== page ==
Back to School? Tips on keeping your kids safe!

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Summer vacation is over and your kids are back in school, facing the threats of cyberbullying, sexting and other online safety dangers. According to a recent poll in the UK, 35% of 11- to 17-year-olds reported being bullied online and four in 10 said they had witnessed others being picked on online.


And according to a study from December 2013, 473,000 6-17 year olds visited an adult website from a PC or laptop, of which 44,000 children were aged 6-11 years old!
And what about Secret, Whisper, Tinder and all the other new anonymous messaging apps that kids are using these days? There’ve been a lot of stories recently in the media about how these apps are being used for anonymous cyberbullying…

So, there is no better time to review online safety practices and tips!

Educate yourself!

Know what is happening online, where your kids go and what they do when they are online. Learn about the possible dangers – cyberbullyingsextingonline predators, and inappropriate content. Understand how these could occur, what warning signs to watch out for, and what the possible consequences could be. Remember that sometimes familiar “frenemies” who use the Internet as a weapon, may be more threatening than strangers.

Communicate with your kids

Explain about the dangers possibly awaiting them online. Tell them they should feel free to come to you whenever they feel uncomfortable – whether they “accidentally” see inappropriate content, receive a request from a stranger or feel threatened by a bully.

Review basic online safety rules

Remind your kids of these basic online safety rules:

For older kids that use social networks, remind them that everything online is permanent. Screenshots, caches and other tools mean that even deleting a post or comment won’t make it go away. Tell them to pause and think through every post.

Did you get them a new laptop, tablet, or smartphone?

Here are some things you should do to keep your kids safer when online:

Dying to share those “back to school” photos on Facebook? Think again…

It’s fun to share your children’s first day of school photos for all your relatives and friends to see. But here are a few things to consider before you do so:

Is your kid a victim of cyberbullying?

And what about their time at school? Are they safe? .

Here some questions to look into with your child’s teachers and administrators:

back to school, online child safety, safe internet use

Tips for safe social networking

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With over one billion Facebook users worldwide (as of October 2012) it looks like social networks are here to stay. And as of September 2012, the majority of American teens (58%), ages 13-17, now own a smartphone, so they are able to access the internet and social networks 24/7, wherever they are. And summer vacation means a lot of free time for your kids, no doubt a lot of it will be spent on social networks!

Although the jury is still “out” on the positive vs. negative influences of social networks on teens, tweens or even younger kids, there are certainly dangers involving their use. Cyberbullying, the posting of private information or images, and other online safety issues should concern you as parents. But the good news is that there are quite a few things you can do to provide a safer social networking experience for your kids:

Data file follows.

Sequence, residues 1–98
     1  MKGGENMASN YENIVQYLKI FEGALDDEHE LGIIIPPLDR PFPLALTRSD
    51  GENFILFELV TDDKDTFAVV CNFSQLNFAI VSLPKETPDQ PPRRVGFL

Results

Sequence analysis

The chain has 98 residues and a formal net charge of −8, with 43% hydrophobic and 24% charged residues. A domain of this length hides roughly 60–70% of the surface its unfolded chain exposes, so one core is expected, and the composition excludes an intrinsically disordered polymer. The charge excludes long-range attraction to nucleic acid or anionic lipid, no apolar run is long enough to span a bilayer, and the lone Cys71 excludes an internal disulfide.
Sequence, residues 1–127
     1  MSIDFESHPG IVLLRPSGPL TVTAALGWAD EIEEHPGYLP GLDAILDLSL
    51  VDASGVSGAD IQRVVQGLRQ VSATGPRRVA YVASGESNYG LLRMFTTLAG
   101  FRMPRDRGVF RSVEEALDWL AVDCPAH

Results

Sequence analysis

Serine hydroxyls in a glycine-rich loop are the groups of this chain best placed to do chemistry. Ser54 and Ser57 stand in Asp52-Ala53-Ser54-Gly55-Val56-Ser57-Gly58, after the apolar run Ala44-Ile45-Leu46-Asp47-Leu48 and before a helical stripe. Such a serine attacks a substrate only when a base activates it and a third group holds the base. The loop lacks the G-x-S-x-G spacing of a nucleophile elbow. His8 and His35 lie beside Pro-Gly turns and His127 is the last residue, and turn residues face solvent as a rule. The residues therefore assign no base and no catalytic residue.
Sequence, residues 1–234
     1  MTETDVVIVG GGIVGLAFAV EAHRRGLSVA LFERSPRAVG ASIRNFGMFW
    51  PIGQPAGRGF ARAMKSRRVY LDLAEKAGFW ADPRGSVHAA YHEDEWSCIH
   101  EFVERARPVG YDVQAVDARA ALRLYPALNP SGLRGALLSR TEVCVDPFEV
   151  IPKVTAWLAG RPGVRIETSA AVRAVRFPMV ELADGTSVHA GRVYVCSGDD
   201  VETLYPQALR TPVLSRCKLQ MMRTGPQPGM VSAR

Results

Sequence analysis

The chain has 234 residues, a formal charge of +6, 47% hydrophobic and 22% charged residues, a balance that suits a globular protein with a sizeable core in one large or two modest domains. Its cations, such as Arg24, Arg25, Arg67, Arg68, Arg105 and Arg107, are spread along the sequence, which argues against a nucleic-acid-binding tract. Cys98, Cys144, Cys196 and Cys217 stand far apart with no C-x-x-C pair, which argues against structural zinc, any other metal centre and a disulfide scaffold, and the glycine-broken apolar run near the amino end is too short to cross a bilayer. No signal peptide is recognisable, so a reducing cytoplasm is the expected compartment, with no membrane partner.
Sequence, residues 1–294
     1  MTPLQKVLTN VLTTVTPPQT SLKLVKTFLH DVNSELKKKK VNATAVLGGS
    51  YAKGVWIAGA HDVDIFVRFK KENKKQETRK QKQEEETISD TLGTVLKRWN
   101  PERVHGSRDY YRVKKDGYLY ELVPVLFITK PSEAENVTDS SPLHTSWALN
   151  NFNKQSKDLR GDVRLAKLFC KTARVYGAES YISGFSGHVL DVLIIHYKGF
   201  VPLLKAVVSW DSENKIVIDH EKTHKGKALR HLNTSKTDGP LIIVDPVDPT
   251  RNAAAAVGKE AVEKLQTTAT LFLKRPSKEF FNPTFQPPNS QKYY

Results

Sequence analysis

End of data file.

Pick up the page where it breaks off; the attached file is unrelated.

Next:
Facebook, online child safety, safe internet use, safe social networking

The Pros and Cons of Facebook

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Launched in February 2004, Facebook has recently announced that it has 1 billion active users worldwide1 (about 3 times the population of the United States!)
Although buried and eulogized many times over, Facebook’s popularity is still very much on the rise. Love it, hate it, there is absolutely no getting away from it. And it doesn’t look as if Facebook is going away in the near future.

So is it a good thing? How does it affect your kids? What are the advantages? What are the disadvantages? Here’s a look at some of the many ways in which this ever popular social networking site affects your kids’ lives in some good, and some not-so-good ways.


So does the good outweigh the bad? It’s hard to tell. Either way you probably won’t be able to completely block your kids from using it. So it’s important to remember that if your kids are on Facebook, they should be aware of the dangers, and they should take steps to protect themselves, such as adjusting the privacy settings. It’s your job as a parent to explain the dangers and help them protect themselves, but also to be there for them, to listen and help, if they experience something that makes them feel uncomfortable or scared.

PureSight provides protection from cyberbullying and suspicious contacts on Facebook and you don’t even have to be “friends” with your child.

Explore Features >

advantages, disadvantages, Facebook, online child safety, social media

Should I get my child a Smartphone/tablet as a holiday gift?

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Holiday time is gift- giving time, and we all want to make our children happy. When considering this year’s gift – are you thinking about purchasing a Smartphone, tablet or some other internet-enabled device for your child? Do you feel the need to “keep up with the Joneses”, or that the earlier your child becomes familiar with the technology – the better? Or is it simply because your daughter has been using the “everyone in my class already has one” excuse? In fact, recent data shows that 41% (!) of third graders already have access to a personal Smartphone!

Is she too young?

Two sides of the same coin
Whatever your motivation, you are probably aware that there are two sides to this coin: on the one hand, the benefits of being technologically ahead, exposed to the enormous repository of knowledge that is the Internet, and the ability to be socially connected to their peers – are all enormous advantages for your children. On the other hand, there are the dangers that we constantly hear about: cyberbullying, sexting, pornography, online predators, and privacy issues are only a few.

And there are so many other questions to consider:

  • What is the” right” age to give them their first device?
  • What will they do with it?